Mighty Guides reached out to 28 marketing experts (including our own Paul Butcher) and asked the following question: “On which marketing metrics do you advise senior marketers to focus to most effectively measure the impact of marketing on business goals, and why are these metrics the most important?” The insightful answers are summarized in a new e-book called Defining Marketing Success. (Download the entire book here or see the chapter on slideshare)
Paul’s interview is shown below…
Paul Butcher recognizes that metrics need to prove the value of the activities they measure. “The holy grail of marketing metrics is the return on marketing investment, which shows leads and revenue generated by a marketing expenditure,” he says. How you arrive at that depends on the type of marketing you are analyzing, what channels and stages of the sales process the activity serves, and the types of media involved. Multiple components make up the calculation of return on marketing investment. Butcher says, “Key metrics that contribute to the return on investment (ROI) calculation are cost per lead and revenue per lead.”
When calculating cost per lead and revenue per lead, an important metric to measure is repeat sales. A second or third sale to the same customer costs less than the original sale, and those follow-on sales are also responsible for more positive referrals. “The level of repeat sales to your existing customer base is a major contributor to reducing your marketing costs per dollar of revenue,” says Butcher.
Furthermore, each part of the marketing funnel is supported by its own marketing strategy and associated metrics. For instance, quantitative metrics relevant to the top of the funnel may be reach-related, such as the number of views, while further into the funnel, you will be looking at metrics that relate to the number of marketing-qualified leads (MQLs) and sales qualified leads (SQLs) and the respective costs of generating them. As you move through the funnel, metrics become more specifically tied to costs and sales revenue.
These same marketing metrics are just as relevant when working with marketing automation and programmatic buying platforms, which automate both the activities and the calculations. Programmatic buying platforms make decisions based on the parameters you set. For instance, you might be running 10 different ads, and each ad might have 10 permutations based on language and design. You might specify the platform to target certain demographic groups or market cohorts. The platform automatically optimizes media buys and ad permutations based on real-time automated testing and performance metrics around the key performance indicators (KPIs) that are important to you. As leads come in, a marketing automation platform handles them, automating marketing actions based on what is known about the leads. “These two platforms work together to optimize lead generation through programmatic ad buying and then handling the leads through marketing automation,” Butcher says.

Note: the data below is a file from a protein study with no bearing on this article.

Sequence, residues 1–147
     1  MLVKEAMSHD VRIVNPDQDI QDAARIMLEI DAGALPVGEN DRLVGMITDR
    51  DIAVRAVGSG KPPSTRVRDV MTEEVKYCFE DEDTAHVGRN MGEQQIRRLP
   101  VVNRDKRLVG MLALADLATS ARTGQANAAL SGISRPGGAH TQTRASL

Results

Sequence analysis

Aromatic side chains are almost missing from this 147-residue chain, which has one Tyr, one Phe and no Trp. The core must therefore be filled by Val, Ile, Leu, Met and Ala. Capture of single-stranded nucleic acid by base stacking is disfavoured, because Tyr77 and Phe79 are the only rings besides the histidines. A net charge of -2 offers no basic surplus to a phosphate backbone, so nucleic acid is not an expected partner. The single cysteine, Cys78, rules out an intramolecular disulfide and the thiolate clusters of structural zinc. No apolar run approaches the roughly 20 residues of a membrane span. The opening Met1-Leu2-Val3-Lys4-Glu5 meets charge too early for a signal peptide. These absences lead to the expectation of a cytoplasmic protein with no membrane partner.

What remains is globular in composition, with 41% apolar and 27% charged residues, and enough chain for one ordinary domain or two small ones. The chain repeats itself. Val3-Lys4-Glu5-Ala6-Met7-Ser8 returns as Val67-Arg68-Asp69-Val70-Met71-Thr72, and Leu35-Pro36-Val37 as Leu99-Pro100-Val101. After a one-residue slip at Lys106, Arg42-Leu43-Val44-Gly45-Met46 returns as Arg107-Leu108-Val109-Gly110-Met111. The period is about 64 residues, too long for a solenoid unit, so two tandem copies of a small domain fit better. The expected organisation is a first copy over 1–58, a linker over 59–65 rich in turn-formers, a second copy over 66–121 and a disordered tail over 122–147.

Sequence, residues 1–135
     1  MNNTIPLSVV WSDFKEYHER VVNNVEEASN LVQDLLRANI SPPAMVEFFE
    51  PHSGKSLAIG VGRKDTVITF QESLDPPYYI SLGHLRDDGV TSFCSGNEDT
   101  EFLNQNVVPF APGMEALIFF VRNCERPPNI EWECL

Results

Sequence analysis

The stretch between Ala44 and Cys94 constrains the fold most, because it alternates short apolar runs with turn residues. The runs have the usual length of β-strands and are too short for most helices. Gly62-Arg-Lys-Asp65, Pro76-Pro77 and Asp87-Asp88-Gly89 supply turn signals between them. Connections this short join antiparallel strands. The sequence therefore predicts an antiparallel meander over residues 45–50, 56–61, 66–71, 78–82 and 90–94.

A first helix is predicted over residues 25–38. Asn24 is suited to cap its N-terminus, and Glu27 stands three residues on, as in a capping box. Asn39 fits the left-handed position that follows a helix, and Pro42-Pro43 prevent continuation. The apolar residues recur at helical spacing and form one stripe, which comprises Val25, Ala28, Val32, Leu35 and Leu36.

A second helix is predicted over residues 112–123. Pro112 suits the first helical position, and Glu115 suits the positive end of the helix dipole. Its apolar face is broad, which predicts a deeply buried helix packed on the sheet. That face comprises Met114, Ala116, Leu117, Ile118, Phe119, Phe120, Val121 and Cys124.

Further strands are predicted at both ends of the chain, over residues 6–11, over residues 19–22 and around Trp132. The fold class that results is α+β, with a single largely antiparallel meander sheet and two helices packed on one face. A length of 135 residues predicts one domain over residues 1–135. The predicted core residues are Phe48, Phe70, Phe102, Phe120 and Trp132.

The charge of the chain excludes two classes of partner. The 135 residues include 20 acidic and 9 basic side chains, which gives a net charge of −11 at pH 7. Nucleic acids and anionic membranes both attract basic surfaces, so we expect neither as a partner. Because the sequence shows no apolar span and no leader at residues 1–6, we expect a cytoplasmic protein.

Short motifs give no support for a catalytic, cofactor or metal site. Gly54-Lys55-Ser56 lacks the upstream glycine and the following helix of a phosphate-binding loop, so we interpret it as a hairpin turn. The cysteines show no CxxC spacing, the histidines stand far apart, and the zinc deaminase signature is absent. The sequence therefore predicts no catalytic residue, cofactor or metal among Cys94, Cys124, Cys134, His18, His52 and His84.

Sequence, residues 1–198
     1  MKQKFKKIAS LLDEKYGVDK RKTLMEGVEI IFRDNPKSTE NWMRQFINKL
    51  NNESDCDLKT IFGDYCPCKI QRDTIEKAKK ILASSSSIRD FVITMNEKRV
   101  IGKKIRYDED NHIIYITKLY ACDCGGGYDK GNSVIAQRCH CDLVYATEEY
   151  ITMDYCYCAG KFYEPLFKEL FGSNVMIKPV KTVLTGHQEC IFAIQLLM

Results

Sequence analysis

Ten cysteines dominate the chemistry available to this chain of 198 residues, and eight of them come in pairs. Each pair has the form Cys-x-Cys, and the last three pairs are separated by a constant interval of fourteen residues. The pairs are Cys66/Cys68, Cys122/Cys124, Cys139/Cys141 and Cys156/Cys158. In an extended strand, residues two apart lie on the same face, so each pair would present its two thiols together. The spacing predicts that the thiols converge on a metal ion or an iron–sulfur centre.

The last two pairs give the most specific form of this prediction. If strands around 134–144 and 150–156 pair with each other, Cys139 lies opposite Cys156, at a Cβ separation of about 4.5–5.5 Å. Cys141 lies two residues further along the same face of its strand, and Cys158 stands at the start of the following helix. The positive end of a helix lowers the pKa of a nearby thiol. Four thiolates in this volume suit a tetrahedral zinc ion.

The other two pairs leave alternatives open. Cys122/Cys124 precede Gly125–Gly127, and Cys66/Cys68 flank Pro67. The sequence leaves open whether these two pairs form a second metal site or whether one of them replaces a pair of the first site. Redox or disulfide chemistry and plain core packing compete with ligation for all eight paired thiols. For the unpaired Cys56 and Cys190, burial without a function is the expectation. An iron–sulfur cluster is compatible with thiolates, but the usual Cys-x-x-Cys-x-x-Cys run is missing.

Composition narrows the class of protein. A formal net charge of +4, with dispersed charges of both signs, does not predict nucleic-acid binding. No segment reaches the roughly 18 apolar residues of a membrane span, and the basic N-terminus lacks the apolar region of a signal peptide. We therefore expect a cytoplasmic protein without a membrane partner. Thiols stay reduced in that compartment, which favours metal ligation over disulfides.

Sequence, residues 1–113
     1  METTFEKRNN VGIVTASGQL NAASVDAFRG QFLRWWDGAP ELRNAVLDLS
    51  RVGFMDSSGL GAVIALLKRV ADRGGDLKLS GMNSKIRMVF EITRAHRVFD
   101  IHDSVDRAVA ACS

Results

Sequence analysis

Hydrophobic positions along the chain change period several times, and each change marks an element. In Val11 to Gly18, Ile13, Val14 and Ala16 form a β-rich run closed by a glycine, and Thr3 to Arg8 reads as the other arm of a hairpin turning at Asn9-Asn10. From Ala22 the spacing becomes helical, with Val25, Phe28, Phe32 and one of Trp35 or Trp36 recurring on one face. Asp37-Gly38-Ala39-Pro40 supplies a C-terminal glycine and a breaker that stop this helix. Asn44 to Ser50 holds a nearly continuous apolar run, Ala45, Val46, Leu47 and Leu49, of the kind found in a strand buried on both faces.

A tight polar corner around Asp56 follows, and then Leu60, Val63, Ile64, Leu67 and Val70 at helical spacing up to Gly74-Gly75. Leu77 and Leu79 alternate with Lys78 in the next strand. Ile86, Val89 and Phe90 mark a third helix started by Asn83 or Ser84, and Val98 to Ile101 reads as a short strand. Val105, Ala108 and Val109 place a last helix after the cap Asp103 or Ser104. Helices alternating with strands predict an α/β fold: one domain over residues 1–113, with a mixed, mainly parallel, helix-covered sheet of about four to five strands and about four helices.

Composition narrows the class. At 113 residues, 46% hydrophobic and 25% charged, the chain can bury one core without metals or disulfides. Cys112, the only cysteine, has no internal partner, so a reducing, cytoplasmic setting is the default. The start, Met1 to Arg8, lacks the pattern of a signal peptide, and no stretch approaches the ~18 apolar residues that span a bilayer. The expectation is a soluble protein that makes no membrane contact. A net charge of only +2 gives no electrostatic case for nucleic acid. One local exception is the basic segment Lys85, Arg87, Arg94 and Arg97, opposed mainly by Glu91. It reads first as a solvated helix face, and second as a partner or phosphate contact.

Marketing automation platforms change the way companies use metrics. “With new data visualization tools, it now becomes possible to visualize key high-level metrics in real time,” Butcher says. In doing so, some platforms automatically track and calculate common metrics.
For instance, an ideal setup that uses highly integrated automation platforms to generate and handle leads enables you to view continuous ROI on a marketing campaign in real time, like looking at stock market returns. This ROI visualization is automatically compiled from less visible metrics. Or you might be able to see that a campaign that yesterday was generating leads that cost $11.00 each is today generating leads that cost $10.00 each.
Butcher points out, “Although the metric components and calculations are being processed, used, and viewed on a more real time basis, they are the same core metrics driving the same business goals.”